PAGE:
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Thursday 15 April 2010

Parliament abolishes Partial Defence of Provocation

Posted in: New Zealand Daily News
By Daily News Staff - 26th November 2009

The defence tactic which has seen several killers of gay New Zealand men get a lighter sentence of manslaughter instead of murder has been struck off the law books today.

The Crimes (Provocation Repeal) Amendment Bill passed by 116 votes to five, with only the ACT Party voting against it.

Known formally as the Partial Defence of Provocation, the provision in criminal law gives a killer an opening to claim that he or she was sufficiently provoked by the victim that he 'lost control', as any 'ordinary person' would in the circumstances.

It has been used repeatedly for decades by killers to claim that an alleged sexual overture by a gay man was sufficient to partially justify a sudden, brutal and deadly assault.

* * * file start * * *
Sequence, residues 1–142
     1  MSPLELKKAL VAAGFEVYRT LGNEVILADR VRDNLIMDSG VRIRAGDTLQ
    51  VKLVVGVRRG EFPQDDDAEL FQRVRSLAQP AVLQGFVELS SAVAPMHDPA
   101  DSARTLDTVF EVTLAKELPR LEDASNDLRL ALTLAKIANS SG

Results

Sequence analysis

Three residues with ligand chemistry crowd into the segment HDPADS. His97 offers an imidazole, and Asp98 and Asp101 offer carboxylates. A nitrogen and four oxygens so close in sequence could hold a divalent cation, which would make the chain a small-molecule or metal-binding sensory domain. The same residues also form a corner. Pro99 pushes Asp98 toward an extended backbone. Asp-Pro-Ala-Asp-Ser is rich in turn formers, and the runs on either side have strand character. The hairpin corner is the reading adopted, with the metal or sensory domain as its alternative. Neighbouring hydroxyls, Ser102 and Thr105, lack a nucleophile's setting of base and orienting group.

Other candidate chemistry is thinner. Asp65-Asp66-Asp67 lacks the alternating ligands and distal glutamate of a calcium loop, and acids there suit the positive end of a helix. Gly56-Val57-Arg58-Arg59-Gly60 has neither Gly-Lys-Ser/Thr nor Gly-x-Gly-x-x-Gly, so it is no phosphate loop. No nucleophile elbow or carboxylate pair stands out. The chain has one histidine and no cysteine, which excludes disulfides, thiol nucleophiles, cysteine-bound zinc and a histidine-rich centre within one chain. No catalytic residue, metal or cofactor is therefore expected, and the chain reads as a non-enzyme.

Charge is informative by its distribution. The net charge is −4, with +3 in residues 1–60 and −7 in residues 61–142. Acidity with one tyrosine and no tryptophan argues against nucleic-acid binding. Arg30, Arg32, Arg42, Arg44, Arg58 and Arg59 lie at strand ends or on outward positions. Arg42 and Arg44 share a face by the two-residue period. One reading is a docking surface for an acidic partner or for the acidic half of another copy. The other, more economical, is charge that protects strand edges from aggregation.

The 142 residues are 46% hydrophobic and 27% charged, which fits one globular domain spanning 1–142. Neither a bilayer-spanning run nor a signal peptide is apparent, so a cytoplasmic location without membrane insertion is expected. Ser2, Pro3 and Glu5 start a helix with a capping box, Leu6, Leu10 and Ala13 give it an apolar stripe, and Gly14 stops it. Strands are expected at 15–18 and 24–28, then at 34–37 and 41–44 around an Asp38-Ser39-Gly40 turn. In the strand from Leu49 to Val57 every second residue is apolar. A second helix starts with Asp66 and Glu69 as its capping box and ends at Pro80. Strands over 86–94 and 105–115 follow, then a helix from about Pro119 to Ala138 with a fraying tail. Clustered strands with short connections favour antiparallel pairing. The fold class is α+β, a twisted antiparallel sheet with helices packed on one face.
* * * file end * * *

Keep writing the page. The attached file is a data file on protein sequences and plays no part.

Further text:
"I believe that this bill is an important step towards a society where violence is condemned, where unremorseful killers are not given the opportunity to publically impugn their victims, and where the victims of crime can feel a little safer," said Labour MP Charles Chauvel today in Parliament.

"Remember those for whom this repeal comes too late," he added. "May they be the last to have their ordeals impugned in a court of law. Not one of their deaths is tolerable, and each of the victims whose killer has used the partial defence of provocation – successfully or not - stands as a silent witness to this reform.

"In closing, I want to pay tribute to their families and loved ones, who know that their lives were not lost in vain."

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